(Bloomberg) -- A London commuter town effectively declared bankruptcy, after a risky investment spree meant to offset a central government funding squeeze backfired and left the local authority — which covers a population of just over 100,000 people — facing a £1.2 billion ($1.5 billion) deficit.
Woking Borough Council issued a so-called Section 114 notice on Wednesday, meaning that all but essential spending will stop due to the financial shortfall, which it blamed on “unaffordable borrowing” triggered by historic spending.
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It is doubly embarrassing for Prime Minister Rishi Sunak’s Conservative Party, which likes to campaign on its economic prowess but is struggling to shake off the view that Britain is crumbling on its watch. Not only did the Tories lead Woking council until last year, but it was central government austerity since 2010 that left the town — and others like it — searching for revenue.
A spokesman for Sunak declined to comment on Woking’s financial status in a regular briefing. A spokesperson for the Department for Levelling Up, Housing and Communities pointed to the government’s intervention last month — when it appointed oversight over key functions — and will “take action if necessary.”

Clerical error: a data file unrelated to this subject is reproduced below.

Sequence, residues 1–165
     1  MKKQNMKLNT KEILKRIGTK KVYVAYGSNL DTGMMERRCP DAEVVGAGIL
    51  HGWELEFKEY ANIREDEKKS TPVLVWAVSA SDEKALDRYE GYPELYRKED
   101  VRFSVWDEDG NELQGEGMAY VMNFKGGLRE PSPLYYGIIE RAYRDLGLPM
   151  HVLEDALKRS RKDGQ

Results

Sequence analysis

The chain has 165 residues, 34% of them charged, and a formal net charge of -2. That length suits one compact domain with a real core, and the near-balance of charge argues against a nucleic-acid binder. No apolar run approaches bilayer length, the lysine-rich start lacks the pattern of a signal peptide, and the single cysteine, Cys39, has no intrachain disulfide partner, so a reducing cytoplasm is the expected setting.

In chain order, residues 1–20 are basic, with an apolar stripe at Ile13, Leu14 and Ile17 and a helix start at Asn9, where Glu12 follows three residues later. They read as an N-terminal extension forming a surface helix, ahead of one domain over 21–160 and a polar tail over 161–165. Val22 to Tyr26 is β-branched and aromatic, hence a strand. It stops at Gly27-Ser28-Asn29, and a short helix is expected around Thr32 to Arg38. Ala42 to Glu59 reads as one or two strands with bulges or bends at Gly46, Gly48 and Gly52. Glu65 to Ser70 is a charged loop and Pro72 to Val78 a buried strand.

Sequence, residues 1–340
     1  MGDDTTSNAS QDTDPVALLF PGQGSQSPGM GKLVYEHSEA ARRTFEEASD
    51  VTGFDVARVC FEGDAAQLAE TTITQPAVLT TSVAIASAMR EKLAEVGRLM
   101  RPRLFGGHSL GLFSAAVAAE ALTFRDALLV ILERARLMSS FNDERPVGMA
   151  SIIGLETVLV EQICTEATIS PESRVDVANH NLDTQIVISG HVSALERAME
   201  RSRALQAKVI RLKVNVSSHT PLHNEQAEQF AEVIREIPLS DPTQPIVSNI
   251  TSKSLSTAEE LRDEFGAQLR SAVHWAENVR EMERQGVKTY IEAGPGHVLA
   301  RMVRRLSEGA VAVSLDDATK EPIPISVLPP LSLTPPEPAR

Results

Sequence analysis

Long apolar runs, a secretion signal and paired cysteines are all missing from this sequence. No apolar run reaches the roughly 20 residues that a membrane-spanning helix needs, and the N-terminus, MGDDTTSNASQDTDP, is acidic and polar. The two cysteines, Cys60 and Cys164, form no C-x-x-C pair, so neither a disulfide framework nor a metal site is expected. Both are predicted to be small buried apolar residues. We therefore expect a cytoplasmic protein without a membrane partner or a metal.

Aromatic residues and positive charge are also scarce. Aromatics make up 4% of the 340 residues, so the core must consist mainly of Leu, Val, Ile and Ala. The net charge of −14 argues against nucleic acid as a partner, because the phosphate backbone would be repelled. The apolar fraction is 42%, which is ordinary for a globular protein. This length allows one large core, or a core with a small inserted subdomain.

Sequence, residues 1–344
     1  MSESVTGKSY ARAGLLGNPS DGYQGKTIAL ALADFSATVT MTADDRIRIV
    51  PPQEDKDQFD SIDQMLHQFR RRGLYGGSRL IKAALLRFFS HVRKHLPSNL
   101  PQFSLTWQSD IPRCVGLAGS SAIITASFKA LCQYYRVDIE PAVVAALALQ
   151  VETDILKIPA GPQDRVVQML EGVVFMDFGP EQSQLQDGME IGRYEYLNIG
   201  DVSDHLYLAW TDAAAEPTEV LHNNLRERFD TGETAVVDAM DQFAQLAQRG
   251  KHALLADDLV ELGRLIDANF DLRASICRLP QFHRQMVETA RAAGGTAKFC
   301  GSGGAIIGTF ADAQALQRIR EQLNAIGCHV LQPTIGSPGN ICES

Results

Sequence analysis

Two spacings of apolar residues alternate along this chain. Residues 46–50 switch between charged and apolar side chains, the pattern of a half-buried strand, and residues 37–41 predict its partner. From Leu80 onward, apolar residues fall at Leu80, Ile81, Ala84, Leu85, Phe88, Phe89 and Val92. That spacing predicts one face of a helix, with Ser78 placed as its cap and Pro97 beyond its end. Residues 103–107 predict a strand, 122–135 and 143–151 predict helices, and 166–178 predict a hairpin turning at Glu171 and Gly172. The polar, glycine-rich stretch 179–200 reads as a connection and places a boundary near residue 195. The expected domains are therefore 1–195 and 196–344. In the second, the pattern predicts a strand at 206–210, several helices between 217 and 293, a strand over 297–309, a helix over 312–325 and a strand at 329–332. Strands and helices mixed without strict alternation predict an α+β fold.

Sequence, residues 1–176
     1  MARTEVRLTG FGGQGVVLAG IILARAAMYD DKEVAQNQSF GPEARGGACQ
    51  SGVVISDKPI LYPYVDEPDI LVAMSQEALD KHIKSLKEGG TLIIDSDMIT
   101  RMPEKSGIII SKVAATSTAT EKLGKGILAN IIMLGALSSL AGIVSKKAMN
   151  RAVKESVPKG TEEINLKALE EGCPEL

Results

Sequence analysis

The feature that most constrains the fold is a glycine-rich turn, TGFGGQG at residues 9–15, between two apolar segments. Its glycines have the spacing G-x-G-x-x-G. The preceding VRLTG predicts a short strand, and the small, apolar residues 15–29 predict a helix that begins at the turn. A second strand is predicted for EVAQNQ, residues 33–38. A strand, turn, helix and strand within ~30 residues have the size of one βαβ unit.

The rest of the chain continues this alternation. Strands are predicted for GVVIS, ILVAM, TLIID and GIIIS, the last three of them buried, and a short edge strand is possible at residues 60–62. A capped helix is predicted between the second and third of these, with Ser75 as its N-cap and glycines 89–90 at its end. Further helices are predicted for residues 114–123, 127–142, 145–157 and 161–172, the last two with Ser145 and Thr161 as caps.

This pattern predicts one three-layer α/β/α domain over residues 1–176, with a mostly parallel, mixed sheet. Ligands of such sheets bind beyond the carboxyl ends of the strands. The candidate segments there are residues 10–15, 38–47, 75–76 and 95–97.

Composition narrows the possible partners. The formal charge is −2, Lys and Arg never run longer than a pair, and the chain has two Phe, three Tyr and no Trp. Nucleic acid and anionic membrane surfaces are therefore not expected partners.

Just as many local councils did, Woking borrowed heavily to invest in commercial property, such as shopping centers, hotels and offices to boost its income. But the council said in a statement the value of its investments has “diminished substantially over time,” and its £1.8 billion debt pile is “out of step” with its core funding from taxes and government grants of £16 million.
The council can “no longer balance its budget for the current financial year nor subsequent years,” it said.
A council issues a Section 114 notice when it believes it will not be able to meet its spending commitments from income. Effectively a bankruptcy, it means the council cannot make new spending commitments and typically leads to them passing a new budget to reduce expenditure.
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“The Notice makes clear the true scale of these challenges which are so significant that the Council cannot simply deal with them on its own,” said Ann-Marie Barker, leader of Woking council for the Liberal Democrats, which took control of the authority last year. “Difficult decisions will lie ahead as we seek to balance the Council’s budget and address the unaffordable debt.”
Woking is far from the only council to run into trouble in recent years. Croydon council in south London went bust in 2020 when it was under Labour control, while Conservative-run Thurrock issued a Section 114 notice late last year. Others have been put under special measures by the central government, which has moved to clamp down on risky investments.
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